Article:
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Psych Consult – Altered Mental Status

REASON FOR CONSULT: Altered mental status.

HPI: The patient is 77-year-old Caucasian man with benign prostatic hypertrophy, status post cardiac transplant 10 years ago who was admitted to the Physical Medicine and Rehab Service for inpatient rehab after suffering a right cerebellar infarct last month. Last night, he became confused and he eloped from the unit. When he was found, he became combative. This a.m., he continued to be aggressive and required administration of four-point soft restraints in addition to Haldol 1 mg intramuscularly. There was also documentation of him having paranoid thoughts that his wife was going out spending his money instead of being with him in the hospital. Given this presentation, Psychiatry was consulted to evaluate and offer management recommendations.

The patient states that he does remember leaving the unit looking for his wife, but does not recall becoming combative, needing restrains and emergency medications. He reports feeling fine currently, denying any complaints. The patient’s wife notes that her husband might be confused and disoriented due to being in the hospital environment. She admits that he has some difficulty with memory for sometime and becomes irritable when she is not around. However, he has never become as combative as he has this particular episode.

He negates any symptoms of depression or anxiety. He also denies any hallucinations or delusions. He endorses problems with insomnia. At home, he takes temazepam. His wife and son note that the temazepam makes him groggy and disoriented at times when he is at home.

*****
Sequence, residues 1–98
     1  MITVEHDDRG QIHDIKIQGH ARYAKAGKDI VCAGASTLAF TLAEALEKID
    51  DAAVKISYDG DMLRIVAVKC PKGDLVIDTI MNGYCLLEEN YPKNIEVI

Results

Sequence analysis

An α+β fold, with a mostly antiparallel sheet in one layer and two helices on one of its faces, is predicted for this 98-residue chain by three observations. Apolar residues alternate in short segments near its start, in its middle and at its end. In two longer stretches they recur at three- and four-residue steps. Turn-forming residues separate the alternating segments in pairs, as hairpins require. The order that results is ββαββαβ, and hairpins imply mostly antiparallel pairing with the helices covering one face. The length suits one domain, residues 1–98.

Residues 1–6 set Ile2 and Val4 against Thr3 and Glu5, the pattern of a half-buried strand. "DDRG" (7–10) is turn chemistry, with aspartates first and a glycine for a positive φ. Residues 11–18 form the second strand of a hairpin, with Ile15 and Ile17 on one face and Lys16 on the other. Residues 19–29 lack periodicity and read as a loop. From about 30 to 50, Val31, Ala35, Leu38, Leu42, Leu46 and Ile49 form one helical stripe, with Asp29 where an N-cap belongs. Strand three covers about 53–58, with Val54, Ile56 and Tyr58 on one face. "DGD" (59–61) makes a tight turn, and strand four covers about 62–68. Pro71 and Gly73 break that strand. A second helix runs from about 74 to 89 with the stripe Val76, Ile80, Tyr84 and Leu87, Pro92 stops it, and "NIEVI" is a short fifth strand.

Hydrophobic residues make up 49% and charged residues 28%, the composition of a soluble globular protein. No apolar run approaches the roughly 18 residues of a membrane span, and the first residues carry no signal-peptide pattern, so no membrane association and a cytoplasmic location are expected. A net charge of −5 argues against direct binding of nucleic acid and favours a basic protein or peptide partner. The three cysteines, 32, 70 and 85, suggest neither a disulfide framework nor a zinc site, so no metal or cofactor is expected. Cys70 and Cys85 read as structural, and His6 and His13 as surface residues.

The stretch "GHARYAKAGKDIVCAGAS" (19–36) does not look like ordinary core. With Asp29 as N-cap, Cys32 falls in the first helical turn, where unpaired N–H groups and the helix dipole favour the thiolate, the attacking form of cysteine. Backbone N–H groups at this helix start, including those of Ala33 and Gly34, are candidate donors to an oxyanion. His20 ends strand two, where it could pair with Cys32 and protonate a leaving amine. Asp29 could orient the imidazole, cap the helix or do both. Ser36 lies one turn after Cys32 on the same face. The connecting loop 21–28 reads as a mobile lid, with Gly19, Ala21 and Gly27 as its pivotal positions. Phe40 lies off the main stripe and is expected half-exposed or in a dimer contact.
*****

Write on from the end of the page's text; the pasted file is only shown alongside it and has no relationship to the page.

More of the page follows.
PAST PSYCHIATRIC HISTORY: He denies any prior psychiatric treatment or intervention. However, he was placed on Zoloft 10 years ago after his heart transplant, in addition to temazepam for insomnia. During this hospital course, he was started on Seroquel 20 mg p.o. q.h.s. in addition to Aricept 5 mg daily. He denies any history of suicidal or homicidal ideations or attempts.

PAST MEDICAL HISTORY:
1. Heart transplant in 1997.
2. History of abdominal aortic aneurysm repair.
3. Diverticulitis.
4. Cholecystectomy.
5. Benign prostatic hypertrophy.

ALLERGIES: MORPHINE AND DEMEROL.

MEDICATIONS:
1. Seroquel 50 mg p.o. q.h.s., 25 mg p.o. q.a.m.
2. Imodium 2 mg p.o. p.r.n., loose stool.
3. Calcium carbonate with vitamin D 500 mg b.i.d.
4. Prednisone 5 mg p.o. daily.
5. Bactrim DS Monday, Wednesday, and Friday.
6. Flomax 0.4 mg p.o. daily.
7. Robitussin 5 mL every 6 hours as needed for cough.
8. Rapamune 2 mg p.o. daily.
9. Zoloft 50 mg p.o. daily.
10. B vitamin complex daily.
11. Colace 100 mg b.i.d.
12. Lipitor 20 mg p.o. q.h.s.
13. Plavix 75 mg p.o. daily.
14. Aricept 5 mg p.o. daily.
15. Pepcid 20 mg p.o. daily.
16. Norvasc 5 mg p.o. daily.
17. Aspirin 325 mg p.o. daily.

SOCIAL HISTORY: The patient is a retired paster and missionary to Mexico. He is still actively involved in his church. He denies any history of alcohol or substance abuse.